2003 Editors' Choice Awards
Sputnik AP 120 www.sputnik.com/products/ap120.html
Want to offer wireless Net access to your customers or neighbors? You can build a custom box with NoCatAuth, sign with one of the expensive startups or take your chances and go wide open—until now. Sputnik performed a marvel of Linux miniaturization to get a usable portal onto a relatively inexpensive access point.
Security Editor Mick Bauer writes, “The packet-filtering code in the Linux 2.4 kernel, although not new to 2003, really came into its own, bringing Linux firewalling up to the level of many commercial products. It's flexible and intelligent, with impressive connection-state-tracking capabilities.” Mick also points out that you can use the ubiquitous Netfilter right on the bastion host to add an extra layer of firewall protection, even if you use another firewall at the network edge.
Newisys 2100 www.newisys.com/products/2100.html
Michael Baxter called this dual Opteron, 1U server “superbly engineered”, as the 64-bit Opteron breaks through the memory limitations of x86 while keeping backward compatibility. Newisys-based servers are a hot item in today's competitive Linux server market, with many Linux server vendors whose integration and service we like offering them. And, they start GNU Emacs almost as quickly as most people's computers start Vim.
Dell Precision 650n www.dell.com/precision
Our reviewer Glenn Stone calls this dual-Xeon desktop system “serious hardware for serious work”, and admires the performance of its 320MB/s SCSI RAID subsystem and Dell's on-site service plan.
Mozilla 1.4 www.mozilla.org
Tabbed browsing, pop-up blocking, bookmark keywords—when we're stuck with other browsers they simply seem archaic, restrictive and awful. Konqueror is good too, but this time Mozilla barely beat it out as the browser for people who want to make the Web work their way.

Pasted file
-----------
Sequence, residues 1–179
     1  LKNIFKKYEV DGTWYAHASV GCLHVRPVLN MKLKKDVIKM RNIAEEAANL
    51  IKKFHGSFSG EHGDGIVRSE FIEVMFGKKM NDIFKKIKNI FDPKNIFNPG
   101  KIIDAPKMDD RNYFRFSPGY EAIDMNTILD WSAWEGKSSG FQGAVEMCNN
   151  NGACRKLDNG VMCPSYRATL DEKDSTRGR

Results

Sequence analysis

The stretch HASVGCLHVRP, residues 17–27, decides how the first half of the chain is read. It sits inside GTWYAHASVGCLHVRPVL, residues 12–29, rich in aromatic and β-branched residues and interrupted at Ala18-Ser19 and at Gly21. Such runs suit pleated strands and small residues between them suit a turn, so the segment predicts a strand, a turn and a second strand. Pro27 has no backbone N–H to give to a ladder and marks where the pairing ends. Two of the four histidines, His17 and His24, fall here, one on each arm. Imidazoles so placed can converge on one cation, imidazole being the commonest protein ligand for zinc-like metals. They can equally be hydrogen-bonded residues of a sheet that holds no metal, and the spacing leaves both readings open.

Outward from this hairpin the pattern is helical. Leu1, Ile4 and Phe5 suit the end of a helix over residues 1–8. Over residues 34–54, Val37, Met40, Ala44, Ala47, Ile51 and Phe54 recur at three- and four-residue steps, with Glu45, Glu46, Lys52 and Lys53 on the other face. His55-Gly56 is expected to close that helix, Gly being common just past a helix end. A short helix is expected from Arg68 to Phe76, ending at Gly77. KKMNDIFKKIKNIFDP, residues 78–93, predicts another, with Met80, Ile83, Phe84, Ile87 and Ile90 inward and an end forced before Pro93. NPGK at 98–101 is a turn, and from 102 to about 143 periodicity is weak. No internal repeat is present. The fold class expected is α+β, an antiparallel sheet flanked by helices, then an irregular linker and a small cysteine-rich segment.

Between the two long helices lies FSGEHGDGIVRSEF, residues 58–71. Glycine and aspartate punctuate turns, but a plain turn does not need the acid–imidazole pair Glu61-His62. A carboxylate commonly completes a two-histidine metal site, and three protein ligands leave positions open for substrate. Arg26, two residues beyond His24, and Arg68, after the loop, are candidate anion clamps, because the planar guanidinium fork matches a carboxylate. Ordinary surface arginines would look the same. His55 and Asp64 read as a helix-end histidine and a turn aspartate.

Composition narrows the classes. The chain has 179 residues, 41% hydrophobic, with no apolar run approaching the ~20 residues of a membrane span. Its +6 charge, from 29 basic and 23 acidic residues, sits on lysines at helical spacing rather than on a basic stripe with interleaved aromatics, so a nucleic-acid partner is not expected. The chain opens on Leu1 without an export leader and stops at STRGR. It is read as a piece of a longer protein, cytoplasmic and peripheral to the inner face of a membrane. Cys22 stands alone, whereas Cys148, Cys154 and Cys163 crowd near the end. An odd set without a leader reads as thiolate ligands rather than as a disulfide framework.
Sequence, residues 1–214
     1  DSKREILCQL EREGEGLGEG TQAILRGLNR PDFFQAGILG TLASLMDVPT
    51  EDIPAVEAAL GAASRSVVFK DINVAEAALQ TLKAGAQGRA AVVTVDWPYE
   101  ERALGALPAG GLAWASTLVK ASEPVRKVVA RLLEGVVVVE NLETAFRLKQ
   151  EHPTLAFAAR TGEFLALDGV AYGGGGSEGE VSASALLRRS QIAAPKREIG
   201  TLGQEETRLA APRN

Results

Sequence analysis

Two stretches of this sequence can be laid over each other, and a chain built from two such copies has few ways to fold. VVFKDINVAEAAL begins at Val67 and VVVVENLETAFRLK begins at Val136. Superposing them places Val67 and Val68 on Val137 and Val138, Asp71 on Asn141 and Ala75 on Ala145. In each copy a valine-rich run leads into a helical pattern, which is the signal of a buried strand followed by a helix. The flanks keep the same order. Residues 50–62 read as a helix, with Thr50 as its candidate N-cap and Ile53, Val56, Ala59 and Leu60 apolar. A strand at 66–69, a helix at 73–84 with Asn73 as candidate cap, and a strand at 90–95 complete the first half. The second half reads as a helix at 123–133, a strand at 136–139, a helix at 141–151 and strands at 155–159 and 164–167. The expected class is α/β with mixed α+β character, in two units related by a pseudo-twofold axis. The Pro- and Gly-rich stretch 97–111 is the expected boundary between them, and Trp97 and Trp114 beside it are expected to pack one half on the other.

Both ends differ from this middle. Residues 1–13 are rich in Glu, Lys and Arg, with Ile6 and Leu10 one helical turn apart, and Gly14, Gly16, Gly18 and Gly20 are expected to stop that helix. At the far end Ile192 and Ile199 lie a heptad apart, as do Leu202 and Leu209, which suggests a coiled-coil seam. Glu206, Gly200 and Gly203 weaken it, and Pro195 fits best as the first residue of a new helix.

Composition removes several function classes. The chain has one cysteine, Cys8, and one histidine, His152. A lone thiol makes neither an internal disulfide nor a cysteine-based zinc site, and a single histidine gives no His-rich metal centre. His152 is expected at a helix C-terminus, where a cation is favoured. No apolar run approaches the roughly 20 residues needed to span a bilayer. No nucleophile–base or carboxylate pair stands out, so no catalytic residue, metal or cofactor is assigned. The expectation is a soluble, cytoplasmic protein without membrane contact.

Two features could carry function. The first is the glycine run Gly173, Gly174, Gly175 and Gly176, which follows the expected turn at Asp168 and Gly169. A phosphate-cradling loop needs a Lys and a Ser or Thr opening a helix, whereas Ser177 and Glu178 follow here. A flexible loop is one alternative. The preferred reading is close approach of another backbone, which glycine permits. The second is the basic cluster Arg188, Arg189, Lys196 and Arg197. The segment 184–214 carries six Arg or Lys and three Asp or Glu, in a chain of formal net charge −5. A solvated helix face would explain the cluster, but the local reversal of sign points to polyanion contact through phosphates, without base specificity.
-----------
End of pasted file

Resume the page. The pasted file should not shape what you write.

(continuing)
No, this isn't the special prize for “not being The GIMP because they always win”. Greg Kroah-Hartman brings this bleeding-edge, alpha-stage video editing application to our attention, and we can't wait to do a full tutorial. More than only video editing, Jahshaka offers animation, effects, a character generator and file-sharing capabilities.
Marcel Gagnéwrites, “I used to scoff at instant messaging, but in the last few months, I have discovered it to be an amazingly useful communications tool. Sometimes, nothing beats a real-time, ongoing conversation when trying to resolve technical issues.” Gaim is, well, instant messaging for people whose friends don't agree on instant-messaging systems. As we go to press, Gaim supports AOL Instant Messenger, ICQ, MSN Messenger, Yahoo, IRC, Jabber, Gadu-Gadu and Zephyr.
Marcel also recommends OpenOffice.org, citing “nearly perfect support of Microsoft Office documents”. Everyone seems to like the word processor, but other useful parts of the suite include a drawing program and a presentation package.
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|Working with Command Arguments||May 28, 2016|
|Secure Desktops with Qubes: Installation||May 28, 2016|
|CentOS 6.8 Released||May 27, 2016|
|Secure Desktops with Qubes: Introduction||May 27, 2016|
|Chris Birchall's Re-Engineering Legacy Software (Manning Publications)||May 26, 2016|
|ServersCheck's Thermal Imaging Camera Sensor||May 25, 2016|
- Secure Desktops with Qubes: Introduction
- Secure Desktops with Qubes: Installation
- Download "Linux Management with Red Hat Satellite: Measuring Business Impact and ROI"
- Working with Command Arguments
- CentOS 6.8 Released
- The Italian Army Switches to LibreOffice
- Linux Mint 18
- ServersCheck's Thermal Imaging Camera Sensor
- Chris Birchall's Re-Engineering Legacy Software (Manning Publications)
- Petros Koutoupis' RapidDisk
Until recently, IBM’s Power Platform was looked upon as being the system that hosted IBM’s flavor of UNIX and proprietary operating system called IBM i. These servers often are found in medium-size businesses running ERP, CRM and financials for on-premise customers. By enabling the Power platform to run the Linux OS, IBM now has positioned Power to be the platform of choice for those already running Linux that are facing scalability issues, especially customers looking at analytics, big data or cloud computing.
￼Running Linux on IBM’s Power hardware offers some obvious benefits, including improved processing speed and memory bandwidth, inherent security, and simpler deployment and management. But if you look beyond the impressive architecture, you’ll also find an open ecosystem that has given rise to a strong, innovative community, as well as an inventory of system and network management applications that really help leverage the benefits offered by running Linux on Power.Get the Guide